The state health department issued "temporary emergency rules" for the state medical marijuana program just days before an implementation deadline.
On Friday, parts of Montana's new medical marijuana program will take effect as state regulators move toward full implementation, which is slated for next year.
As passed by ballot initiative and refined by legislators during the most recent session, the new program promises closer product tracking, a self-sustaining tax system and a more robust licensing system.
The emergency rules released Monday clarify how the Montana Department of Public Health and Human Services will regulate possession limits, testing laboratories and manufacturers of marijuana concentrate during the transition period.
The deadline to have the full regulatory framework in place is April 30, 2018.
"DPHHS is undergoing an extensive administrative rulemaking process that will essentially ‘stand up’ the program once this process is fully completed next year," said department spokesman Jon Ebelt in an email to The Gazette.
The emergency rules expire in 120 days.
As part of those rules, the health department will be able to issue licenses to marijuana testing facilities on a temporary, case-by-case basis. This is so the facilities can begin to legally handle medical marijuana, though required testing doesn't begin until 2018.
Similarly, the rules allow for the temporary licensing of "chemical manufacturers" that make marijuana concentrate. As part of the 2018 deadline, they will require special endorsements from the state.
For much of the medical marijuana industry, Friday marks the beginning of a transition.
“This is not that dramatic of a moment," said Kate Cholewa, a spokeswoman for the Montana Cannabis Industry Association. "It’s maybe a benchmark, but there are so many more provisions yet to come online.”
For another part of its emergency rulemaking, the DPHHS clarified the possession rules that at least one group said would leave out some patients.
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The Montana Patients Rights Network said that it alerted Gov. Steve Bullock about a technicality in the law language that could have left some patients unprotected for possession of medicinal cannabis.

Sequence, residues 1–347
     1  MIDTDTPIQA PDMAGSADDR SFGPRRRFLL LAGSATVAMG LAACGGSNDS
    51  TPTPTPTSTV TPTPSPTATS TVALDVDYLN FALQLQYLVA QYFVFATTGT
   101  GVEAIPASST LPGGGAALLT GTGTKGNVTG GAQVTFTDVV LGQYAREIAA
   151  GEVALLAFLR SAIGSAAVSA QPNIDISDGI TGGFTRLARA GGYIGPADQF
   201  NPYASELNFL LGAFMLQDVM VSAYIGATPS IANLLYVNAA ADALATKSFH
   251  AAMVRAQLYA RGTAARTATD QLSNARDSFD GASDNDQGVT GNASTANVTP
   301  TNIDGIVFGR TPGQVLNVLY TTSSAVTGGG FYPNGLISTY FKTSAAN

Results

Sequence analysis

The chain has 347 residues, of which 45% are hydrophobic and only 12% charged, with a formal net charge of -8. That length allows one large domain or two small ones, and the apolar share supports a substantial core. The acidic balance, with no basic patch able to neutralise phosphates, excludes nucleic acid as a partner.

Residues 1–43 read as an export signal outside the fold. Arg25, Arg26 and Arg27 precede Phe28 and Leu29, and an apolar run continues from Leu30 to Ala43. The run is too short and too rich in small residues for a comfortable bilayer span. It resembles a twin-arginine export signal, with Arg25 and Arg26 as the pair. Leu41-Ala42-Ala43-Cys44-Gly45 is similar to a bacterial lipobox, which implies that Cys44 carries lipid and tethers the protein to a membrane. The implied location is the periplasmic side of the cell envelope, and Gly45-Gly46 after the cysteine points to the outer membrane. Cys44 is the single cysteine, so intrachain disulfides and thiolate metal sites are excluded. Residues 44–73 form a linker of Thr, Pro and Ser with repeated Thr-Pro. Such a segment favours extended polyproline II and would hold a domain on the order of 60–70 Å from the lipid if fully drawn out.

"This clarification helps safeguard more than 15,000 vulnerable patients, along with the 600 providers and 200 physicians who serve them," according to a statement sent by the organization. "We applaud DPHHS for tying up the loose ends that created distressing gaps in legal protection. "
When lawmakers passed the medical marijuana regulatory bill, they amended the law related to possession limits for three groups: patients who register to a provider, patients who provide for themselves and providers.
Previous forms of the bill, as well as the initiative passed by voters, didn't distinguish between those types of patients.
In its final form, the bill's effective date for patients who registered a provider was June 30, 2017. For the other two groups, now separated out in the bill, the effective date was April 30, 2018, unless the health department stepped in.
Both the health department and Cholewa maintained that there was no gap for any patients to possess medical marijuana. On June 2, DPHHS spokesman Chuck Council said that the ballot initiative, I-182, covered self-providing patients even though a new bill had since been passed.
The department's emergency rule memo said that the passage of both the bill and the ballot initiative created "understandable confusion" with regard to effective dates.
Despite any previous issue with possession limits, the DPHHS emergency rules cleared the air.
One major part of the medical marijuana program that takes effect Friday is not part of the emergency rulemaking process. The Montana Department of Revenue will begin to collect 4 percent of providers' gross sales. After a year, the tax will become 2 percent.
There are now more than 15,000 registered medical marijuana patients in Montana. There were about 7,500 in November.